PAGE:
cat-claw
 n.— «Part of our loot included a a short wrecking bar known to carpenters as a cat-claw. It’s pretty rusted after lying out in the weather all those months.» —“Curious trash along the highway” by Carl Welser Daily Press & Argus (Livingston, Michigan) May 5, 2008. (source: Double-Tongued Dictionary)

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  1. Thomas says:

    The cat’s paw or cat’s claw is used by carpenters and construction workers chiefly for pulling out nails. It is heavier than a hammer with a curved, cloven head ideal for hacking into wood to reach headless nails buried under the surface. The smaller, more compact head is more suited to the violent removal of stubborn nails than the longer, wider reverse end of a hammer, which leaves no marks when used to extract nails, but is less useful in extracting headless nails or nails in awkward positions. Some designs resemble miniature crowbars with a ‘claw’ on one end and a wedge on the other. Another type is more like a hammer, with rubber sheathing around the handle. Their small size makes them perfect for the typical tool belt. They are standard items – hardly obscure.

  2. Thomas says:

    Link to image of cat’s paw.

  3. They may be a standard item—indeed I recognize it from the photo—but no dictionary I checked has that name for the tool. That’s why the term is recorded here.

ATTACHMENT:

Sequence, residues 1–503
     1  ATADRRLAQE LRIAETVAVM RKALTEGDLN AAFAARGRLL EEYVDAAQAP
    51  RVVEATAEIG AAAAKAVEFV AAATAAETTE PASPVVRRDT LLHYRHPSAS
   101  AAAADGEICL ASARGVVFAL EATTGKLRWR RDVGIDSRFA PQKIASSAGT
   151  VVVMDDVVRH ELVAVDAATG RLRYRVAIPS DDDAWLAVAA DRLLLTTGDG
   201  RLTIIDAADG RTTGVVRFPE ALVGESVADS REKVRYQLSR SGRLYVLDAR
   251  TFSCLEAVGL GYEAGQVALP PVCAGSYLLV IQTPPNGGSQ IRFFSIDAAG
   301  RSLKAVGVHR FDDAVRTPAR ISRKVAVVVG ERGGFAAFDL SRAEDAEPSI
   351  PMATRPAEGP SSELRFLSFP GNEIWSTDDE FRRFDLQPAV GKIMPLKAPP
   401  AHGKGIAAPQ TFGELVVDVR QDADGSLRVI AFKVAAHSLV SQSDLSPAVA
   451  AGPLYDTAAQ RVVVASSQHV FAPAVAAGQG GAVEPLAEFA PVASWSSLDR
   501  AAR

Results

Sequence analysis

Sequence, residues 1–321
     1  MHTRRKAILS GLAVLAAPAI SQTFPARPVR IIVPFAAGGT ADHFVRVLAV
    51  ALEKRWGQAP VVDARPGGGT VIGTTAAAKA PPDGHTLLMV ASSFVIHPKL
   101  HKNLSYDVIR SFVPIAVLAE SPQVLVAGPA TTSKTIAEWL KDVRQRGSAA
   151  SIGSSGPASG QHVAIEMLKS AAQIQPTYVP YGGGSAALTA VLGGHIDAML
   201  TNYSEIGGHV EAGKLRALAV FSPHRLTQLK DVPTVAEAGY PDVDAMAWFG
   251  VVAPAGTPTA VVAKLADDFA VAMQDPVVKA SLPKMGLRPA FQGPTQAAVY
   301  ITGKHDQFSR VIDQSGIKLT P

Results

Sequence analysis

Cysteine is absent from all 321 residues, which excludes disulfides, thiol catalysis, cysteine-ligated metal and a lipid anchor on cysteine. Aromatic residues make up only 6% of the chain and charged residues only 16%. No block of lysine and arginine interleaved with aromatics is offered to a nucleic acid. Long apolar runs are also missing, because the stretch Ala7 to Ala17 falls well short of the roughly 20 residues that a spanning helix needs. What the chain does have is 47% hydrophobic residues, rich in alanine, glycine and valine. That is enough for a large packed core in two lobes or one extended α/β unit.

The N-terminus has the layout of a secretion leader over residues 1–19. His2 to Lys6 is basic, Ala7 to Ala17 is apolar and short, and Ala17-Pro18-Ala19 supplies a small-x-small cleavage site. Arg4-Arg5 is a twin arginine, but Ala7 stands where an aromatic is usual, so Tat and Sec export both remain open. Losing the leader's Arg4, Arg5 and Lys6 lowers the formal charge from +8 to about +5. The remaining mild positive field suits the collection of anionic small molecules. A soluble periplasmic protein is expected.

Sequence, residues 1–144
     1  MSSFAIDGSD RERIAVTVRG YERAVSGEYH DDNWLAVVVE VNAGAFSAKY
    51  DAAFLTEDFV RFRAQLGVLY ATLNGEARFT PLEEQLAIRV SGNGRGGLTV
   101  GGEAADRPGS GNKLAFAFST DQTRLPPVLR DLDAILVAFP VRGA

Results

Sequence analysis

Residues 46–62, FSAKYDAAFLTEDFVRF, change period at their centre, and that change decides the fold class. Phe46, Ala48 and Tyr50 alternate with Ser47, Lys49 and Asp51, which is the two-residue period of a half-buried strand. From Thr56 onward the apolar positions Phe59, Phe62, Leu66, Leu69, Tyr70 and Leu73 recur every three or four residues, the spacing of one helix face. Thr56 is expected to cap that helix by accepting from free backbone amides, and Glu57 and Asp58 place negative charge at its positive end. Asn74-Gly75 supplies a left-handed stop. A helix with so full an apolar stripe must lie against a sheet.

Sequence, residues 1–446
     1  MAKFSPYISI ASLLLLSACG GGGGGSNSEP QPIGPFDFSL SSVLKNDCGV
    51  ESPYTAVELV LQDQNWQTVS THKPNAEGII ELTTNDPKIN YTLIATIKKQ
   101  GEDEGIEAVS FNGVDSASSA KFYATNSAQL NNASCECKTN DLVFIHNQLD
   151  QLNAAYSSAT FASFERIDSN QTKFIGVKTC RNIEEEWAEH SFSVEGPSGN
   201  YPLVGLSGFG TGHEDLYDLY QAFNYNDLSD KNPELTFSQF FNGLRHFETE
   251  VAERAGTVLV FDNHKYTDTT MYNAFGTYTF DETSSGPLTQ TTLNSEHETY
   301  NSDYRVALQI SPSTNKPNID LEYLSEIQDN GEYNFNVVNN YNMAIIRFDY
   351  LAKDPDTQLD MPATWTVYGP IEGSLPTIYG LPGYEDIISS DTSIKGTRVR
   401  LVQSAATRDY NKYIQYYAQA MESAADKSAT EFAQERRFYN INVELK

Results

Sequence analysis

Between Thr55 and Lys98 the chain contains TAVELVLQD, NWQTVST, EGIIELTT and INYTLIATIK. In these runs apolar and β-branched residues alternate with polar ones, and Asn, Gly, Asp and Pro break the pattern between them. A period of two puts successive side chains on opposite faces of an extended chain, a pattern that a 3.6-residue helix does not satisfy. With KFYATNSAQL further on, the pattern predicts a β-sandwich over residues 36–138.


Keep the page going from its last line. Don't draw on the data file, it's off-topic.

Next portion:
4. it’s not heavier than a hammer. how would one see a headless nail buried under the surface? the best kind has a nether end that is cloven but straight.–The Old Framer

  5. Thomas says:

    There are many shapes and sizes of cat’s paw. The one’s I’ve used were all heavier than my hammer. In light demolition, a carpenter doesn’t always see the nail that is holding twisted timber together, hence the whacking and gouging and prying to remove the hidden nail. The tool can also be hammered to penetrate the surface of wood to ‘dig out’ the stubs of nails or to gain more leverage for dislodging small timber work, pulling nails through the wood. I’ve seen cat’s paws of the type you describe and others that were flat and thin, cloven on both ends. Its a great little tool, simple and very flexible in its application on the construction site.

  6. is there a site where I could see these various cat’s paws? trivia: on the job it was sometimes referred to as a “pussyfoot.”

  7. Thomas says:

    Mr Walker – here is a link to a hardware website where you can see ‘nail pullers’. I guess Mr Grant is right that the term is unofficial. Everyone I know building houses calls them ‘cat’s paws’ but the gods of retail call them by another name.

  8. “party wall”–framing multi-units on the same deck, a wall that partitions one unit from another–usually there are two of these, 1″ apart, often insulated for sound–in architect lingo called a “demising wall”

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